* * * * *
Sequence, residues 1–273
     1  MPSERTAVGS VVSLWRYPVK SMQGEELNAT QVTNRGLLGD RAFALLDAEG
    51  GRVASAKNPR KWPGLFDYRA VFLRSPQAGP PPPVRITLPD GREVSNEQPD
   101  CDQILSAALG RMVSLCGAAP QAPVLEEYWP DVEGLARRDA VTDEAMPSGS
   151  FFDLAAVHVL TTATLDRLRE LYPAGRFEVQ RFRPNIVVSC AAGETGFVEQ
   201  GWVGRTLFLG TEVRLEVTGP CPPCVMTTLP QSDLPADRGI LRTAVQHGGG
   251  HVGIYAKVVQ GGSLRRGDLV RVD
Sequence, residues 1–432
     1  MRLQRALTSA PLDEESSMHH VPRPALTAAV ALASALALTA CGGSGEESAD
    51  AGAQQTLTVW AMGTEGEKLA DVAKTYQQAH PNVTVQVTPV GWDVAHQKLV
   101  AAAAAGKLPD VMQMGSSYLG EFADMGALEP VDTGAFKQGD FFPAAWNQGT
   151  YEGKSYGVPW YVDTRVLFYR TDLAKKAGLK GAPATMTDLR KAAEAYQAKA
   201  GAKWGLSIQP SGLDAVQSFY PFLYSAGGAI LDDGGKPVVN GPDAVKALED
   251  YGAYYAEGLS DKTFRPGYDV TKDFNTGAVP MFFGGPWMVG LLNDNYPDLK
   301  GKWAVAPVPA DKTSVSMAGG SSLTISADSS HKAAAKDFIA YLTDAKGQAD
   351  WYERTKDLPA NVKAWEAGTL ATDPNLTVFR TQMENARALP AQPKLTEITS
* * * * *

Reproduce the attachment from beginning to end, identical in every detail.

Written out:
Sequence, residues 1–273
     1  MPSERTAVGS VVSLWRYPVK SMQGEELNAT QVTNRGLLGD RAFALLDAEG
    51  GRVASAKNPR KWPGLFDYRA VFLRSPQAGP PPPVRITLPD GREVSNEQPD
   101  CDQILSAALG RMVSLCGAAP QAPVLEEYWP DVEGLARRDA VTDEAMPSGS
   151  FFDLAAVHVL TTATLDRLRE LYPAGRFEVQ RFRPNIVVSC AAGETGFVEQ
   201  GWVGRTLFLG TEVRLEVTGP CPPCVMTTLP QSDLPADRGI LRTAVQHGGG
   251  HVGIYAKVVQ GGSLRRGDLV RVD
Sequence, residues 1–432
     1  MRLQRALTSA PLDEESSMHH VPRPALTAAV ALASALALTA CGGSGEESAD
    51  AGAQQTLTVW AMGTEGEKLA DVAKTYQQAH PNVTVQVTPV GWDVAHQKLV
   101  AAAAAGKLPD VMQMGSSYLG EFADMGALEP VDTGAFKQGD FFPAAWNQGT
   151  YEGKSYGVPW YVDTRVLFYR TDLAKKAGLK GAPATMTDLR KAAEAYQAKA
   201  GAKWGLSIQP SGLDAVQSFY PFLYSAGGAI LDDGGKPVVN GPDAVKALED
   251  YGAYYAEGLS DKTFRPGYDV TKDFNTGAVP MFFGGPWMVG LLNDNYPDLK
   301  GKWAVAPVPA DKTSVSMAGG SSLTISADSS HKAAAKDFIA YLTDAKGQAD
   351  WYERTKDLPA NVKAWEAGTL ATDPNLTVFR TQMENARALP AQPKLTEITS